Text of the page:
As You Like It (1919) Yale/Appendix A

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APPENDIX A

Sources of the Play

The source of As You Like It is, without doubt, a novel, or pastoral romance, by Thomas Lodge, the title-page of the first edition of which runs as follows:

'Rosalynde. / Euphues Golden Le- / gacie: found after his death / in his Cell at Si- / lexedra. / Bequeathed to Philautus sonnes / noursed vp with their / father in Eng- / land. / Fetcht from the Canaries. / By T. L. Gent. / LONDON, / Imprinted by Thomas Orwin for T. G. / and John Busbie. / 1590.'

The possibility that Shakespeare may have made use of an earlier play by some other author from the same source has been advanced by Furness to account for certain minor inconsistencies in Shakespeare's comedy. There is, however, no actual evidence of the existence of an earlier play.

Modern scholars have confirmed the discovery, made by Dr. Zachary Grey in 1754, that the source of Lodge's romance was in turn The Tale of Gamelyn, a narrative poem of unknown authorship which had been interpolated into many manuscripts of Chaucer's Canterbury Tales. The Tale of Gamelyn is not to be found in any printed copy of the Canterbury Tales before Urry's edition of Chaucer in 1721, where it appeared as The Coke's (Cook's) Tale. Of course, it is possible that Shakespeare, as well as Lodge, had read this story in one of the manuscript versions. The chief resemblances between As You Like It and The Tale of Gamelyn occur in the first two hundred and fifty lines of the latter. Gamelyn is abused by his brother, emerges victorious from the wrestling match; and then, later in the poem, flees into a forest to join some outlaws, accompanied by an old retainer named Adam.

In his introduction 'To the Gentlemen Readers,' Lodge states that he wrote his romance on the ocean, a fact further implied by the phrase 'Fetcht from the Canaries' on the title-page. The connection of Rosalynde with the manuscript Tale of Gamelyn would therefore seem to be the result of memory or of a few notes earlier jotted down. Rosalynde is written in the elaborate Euphuistic prose which John Lyly had made famous. Euphuism is perhaps forbidding to modern ears, but there is much charm and delightful pastoral atmosphere in Rosalynde, and excellent material on which to found a pastoral comedy.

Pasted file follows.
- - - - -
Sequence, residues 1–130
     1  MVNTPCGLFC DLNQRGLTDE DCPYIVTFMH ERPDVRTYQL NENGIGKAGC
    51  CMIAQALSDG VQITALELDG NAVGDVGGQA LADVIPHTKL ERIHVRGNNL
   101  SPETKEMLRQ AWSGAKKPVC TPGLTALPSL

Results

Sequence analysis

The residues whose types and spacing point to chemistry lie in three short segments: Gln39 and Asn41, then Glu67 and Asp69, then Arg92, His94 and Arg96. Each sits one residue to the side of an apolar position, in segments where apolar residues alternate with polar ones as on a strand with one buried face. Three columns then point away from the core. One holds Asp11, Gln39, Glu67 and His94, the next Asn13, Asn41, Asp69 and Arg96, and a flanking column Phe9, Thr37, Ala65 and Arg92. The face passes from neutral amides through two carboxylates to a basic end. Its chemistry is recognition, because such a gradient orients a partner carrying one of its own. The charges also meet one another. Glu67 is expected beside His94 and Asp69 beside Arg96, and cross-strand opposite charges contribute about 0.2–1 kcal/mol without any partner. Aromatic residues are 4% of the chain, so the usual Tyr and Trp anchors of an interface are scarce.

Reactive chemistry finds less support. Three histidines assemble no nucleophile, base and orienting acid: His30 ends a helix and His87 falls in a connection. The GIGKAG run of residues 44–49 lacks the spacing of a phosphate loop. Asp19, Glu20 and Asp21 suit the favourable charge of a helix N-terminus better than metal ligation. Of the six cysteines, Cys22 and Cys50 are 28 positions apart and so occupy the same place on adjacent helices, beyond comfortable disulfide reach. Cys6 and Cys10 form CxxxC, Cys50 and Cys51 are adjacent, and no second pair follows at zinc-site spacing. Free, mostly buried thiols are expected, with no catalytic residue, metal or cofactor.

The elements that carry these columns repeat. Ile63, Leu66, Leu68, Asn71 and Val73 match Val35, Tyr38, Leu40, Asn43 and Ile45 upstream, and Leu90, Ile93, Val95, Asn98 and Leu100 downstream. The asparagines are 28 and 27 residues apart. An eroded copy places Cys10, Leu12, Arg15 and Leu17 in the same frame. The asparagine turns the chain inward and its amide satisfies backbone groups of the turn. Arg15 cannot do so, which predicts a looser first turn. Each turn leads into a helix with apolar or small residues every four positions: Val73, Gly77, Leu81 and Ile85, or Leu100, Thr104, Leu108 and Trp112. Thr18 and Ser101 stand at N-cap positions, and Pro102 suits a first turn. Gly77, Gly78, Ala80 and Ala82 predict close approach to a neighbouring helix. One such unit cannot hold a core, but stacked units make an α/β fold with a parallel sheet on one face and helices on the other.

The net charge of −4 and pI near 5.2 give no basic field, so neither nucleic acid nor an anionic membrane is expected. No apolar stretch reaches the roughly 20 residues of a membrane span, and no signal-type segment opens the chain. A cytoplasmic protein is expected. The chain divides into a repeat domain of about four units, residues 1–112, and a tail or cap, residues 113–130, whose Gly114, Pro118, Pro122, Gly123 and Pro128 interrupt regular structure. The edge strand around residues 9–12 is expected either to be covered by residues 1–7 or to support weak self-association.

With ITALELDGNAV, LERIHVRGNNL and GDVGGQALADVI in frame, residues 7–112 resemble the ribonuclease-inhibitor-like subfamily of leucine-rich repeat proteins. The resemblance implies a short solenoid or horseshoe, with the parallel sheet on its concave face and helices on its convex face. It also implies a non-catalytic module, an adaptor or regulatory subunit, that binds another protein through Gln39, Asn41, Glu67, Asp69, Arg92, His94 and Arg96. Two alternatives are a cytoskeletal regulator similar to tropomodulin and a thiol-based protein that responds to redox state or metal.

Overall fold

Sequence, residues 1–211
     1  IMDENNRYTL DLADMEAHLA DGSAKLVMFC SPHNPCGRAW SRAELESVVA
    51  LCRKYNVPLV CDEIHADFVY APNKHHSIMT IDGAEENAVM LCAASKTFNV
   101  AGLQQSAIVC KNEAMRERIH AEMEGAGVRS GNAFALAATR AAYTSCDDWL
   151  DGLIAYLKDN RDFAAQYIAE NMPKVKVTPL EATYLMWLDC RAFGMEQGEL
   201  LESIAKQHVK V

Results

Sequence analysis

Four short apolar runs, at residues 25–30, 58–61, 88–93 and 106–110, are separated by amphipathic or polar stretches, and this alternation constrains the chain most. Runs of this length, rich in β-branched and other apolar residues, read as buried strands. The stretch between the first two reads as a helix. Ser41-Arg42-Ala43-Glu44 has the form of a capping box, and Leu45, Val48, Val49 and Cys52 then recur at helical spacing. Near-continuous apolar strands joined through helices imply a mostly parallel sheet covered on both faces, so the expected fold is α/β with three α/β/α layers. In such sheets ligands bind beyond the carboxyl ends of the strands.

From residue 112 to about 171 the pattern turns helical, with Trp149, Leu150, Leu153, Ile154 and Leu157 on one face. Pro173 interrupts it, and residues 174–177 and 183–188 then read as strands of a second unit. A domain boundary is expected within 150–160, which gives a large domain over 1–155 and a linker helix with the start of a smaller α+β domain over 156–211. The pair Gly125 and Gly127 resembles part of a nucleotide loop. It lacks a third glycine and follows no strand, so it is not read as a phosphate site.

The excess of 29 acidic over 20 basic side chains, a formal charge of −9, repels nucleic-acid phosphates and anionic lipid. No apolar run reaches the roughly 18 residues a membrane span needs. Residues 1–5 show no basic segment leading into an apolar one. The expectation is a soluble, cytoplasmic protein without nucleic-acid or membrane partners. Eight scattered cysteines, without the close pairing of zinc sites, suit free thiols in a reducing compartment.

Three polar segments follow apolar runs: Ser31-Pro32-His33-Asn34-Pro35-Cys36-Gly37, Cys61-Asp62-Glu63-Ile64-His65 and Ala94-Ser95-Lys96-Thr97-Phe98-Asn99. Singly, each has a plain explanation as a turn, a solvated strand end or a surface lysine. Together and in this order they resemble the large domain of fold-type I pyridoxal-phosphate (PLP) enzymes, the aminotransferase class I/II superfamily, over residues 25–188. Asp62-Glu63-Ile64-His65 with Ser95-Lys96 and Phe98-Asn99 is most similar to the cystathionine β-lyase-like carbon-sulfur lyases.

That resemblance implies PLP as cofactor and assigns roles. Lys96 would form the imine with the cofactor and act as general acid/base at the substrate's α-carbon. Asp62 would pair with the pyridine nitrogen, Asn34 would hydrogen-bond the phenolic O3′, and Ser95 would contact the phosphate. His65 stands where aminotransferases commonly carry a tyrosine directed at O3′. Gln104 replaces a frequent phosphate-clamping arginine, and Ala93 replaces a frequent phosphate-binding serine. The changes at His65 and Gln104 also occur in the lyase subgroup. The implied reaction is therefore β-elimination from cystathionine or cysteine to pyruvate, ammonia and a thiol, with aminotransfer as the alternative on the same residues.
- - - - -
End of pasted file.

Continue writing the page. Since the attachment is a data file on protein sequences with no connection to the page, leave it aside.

In adapting Lodge's novel for the stage, Shakespeare, as usual, so transformed his material as to leave recognizable hardly more than the outlines of certain incidents. His touch lightened and simplified the whole, substituting for the labored Euphuistic phraseology the lively wit of the forest of Arden. Shakespeare made some important additions to the list of characters, additions which are the very life of his comedy. The melancholy Jaques, the inimitable Touchstone, Audrey and William, are, as far as we know to-day, characters of his invention. They are not to be found in Rosalynde. Rosalind herself is the most noteworthy illustration of Shakespeare's character creation. In Lodge's romance she is a typical example of the artificial court ladies of Elizabethan stories, who spin far-fetched verbal fancies and quote often from Ovid and other Latin authors. Shakespeare has humanized her and made her one of his most charming heroines.

The following summary of the beginning of Lodge's Rosalynde, together with the text of Lodge's description of the wrestling match, will give some idea of Shakespeare's material and of the changes he made in it.

In the romance, the knight, Sir John of Bourdeaux, divides his estate among his three sons, Saladyne, Fernandine, and Rosader. The latter is the Orlando of Shakespeare's comedy. Saladyne, the eldest brother, is resentful that more property has been bequeathed to the younger sons than to himself. Fernandine may be ignored, for he is a scholar intent only upon Aristotle. His portion, therefore, may be easily rifled. Upon Rosader, Saladyne's chief anger falls, and he makes of him a footboy for the space of two or three years. After Rosader has borne his treatment in patience for a time, one day he encounters his brother in the garden and charges him with ill-treatment. Saladyne, fearing Rosader's wrath, promises to make amends. Soon after this episode, Torismond, King of France, appoints for his pleasure a day of wrestling, lest the common people, being idle, should let their thoughts run upon the remembrance of their old banished king, Gerismond. A Norman champion is found to stand against all comers. Saladyne, hearing of this, secretly plots with the Norman that if Rosader come within his claws he may never more return to quarrel with Saladyne over the inheritance. Saladyne then urges Rosader to enter the wrestling match for the honor of his famous father. Rosader is easily persuaded and sets forth for the court of Torismond.